Re: 4 Questions between Anand and Daniel
Aug 02, 2008 01:22 PM
--- In email@example.com, "anandaam_11" <anandaam@...> wrote:
> "Eastern philosophy rejects the idea of a personal and extra-cosmic
> deity. And to those who call this atheism, I would say the following.
> It is illogical to worship one such god, for, as said in the
> Bible, "There be Lords many and Gods many." Therefore, if worship is
> desirable, we have to choose either the worship of many gods, each
> being no better or less limited than the other, viz., polytheism and
> idolatry, or choose, as the Israelites have done, one tribal or
> racial god from among them, and while believing in the existence of
> many gods, ignore and show contempt for the others, regarding our own
> as the highest and the "God of Gods." But this is logically
> unwarrantable, for such a god can be neither infinite nor absolute,
> but must be finite, that is to say, limited and conditioned by space
> and time. With the Pralaya the tribal god disappears, and Brahmâ and
> all the other Devas, and the gods are merged into the Absolute.
> Therefore, occultists do not worship or offer prayers to them,
> because if we did, we should have either to worship many gods, or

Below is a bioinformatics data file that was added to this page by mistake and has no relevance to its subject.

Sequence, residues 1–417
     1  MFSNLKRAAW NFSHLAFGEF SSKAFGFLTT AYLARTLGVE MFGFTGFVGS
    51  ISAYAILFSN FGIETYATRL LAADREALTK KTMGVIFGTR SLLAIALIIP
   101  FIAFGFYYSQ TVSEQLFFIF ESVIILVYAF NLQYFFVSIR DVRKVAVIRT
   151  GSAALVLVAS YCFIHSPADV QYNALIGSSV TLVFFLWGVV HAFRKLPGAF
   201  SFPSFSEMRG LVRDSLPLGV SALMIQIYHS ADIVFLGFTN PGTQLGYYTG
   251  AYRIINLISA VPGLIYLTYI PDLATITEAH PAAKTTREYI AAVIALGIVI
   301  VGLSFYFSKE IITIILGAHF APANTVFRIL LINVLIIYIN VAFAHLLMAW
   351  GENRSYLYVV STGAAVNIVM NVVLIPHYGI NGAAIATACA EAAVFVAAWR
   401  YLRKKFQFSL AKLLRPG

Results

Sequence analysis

> pray to the Absolute, which, having no attributes, can have no ears
> to hear us. The worshipper even of many gods must of necessity be
> unjust to all the other gods; however far he extends his worship it
> is simply impossible for him to worship each severally; and in his
> ignorance, if he choose out any one in particular, he may by no means
> select the most perfect. Therefore, he would do better far to
> remember that every man has a god within, a direct ray from the
> Absolute, the celestial ray from the One; that he has his " god "
> within, not outside of, himself."
> (Collected Writings volume 10, page 345)
Blavatsky's rejection of worship and prayers is rejection of path of
the devotion altogether. This position does not seem to be
appropriate, because Bhavavad Gita also recognized path of devotion.
And also Christianity and Judaism have devotion to God as central.
Many spiritual traditions in India also have strong element of
devotion. So the anti-devotion position stated above by Blavatsky does
not appear right.
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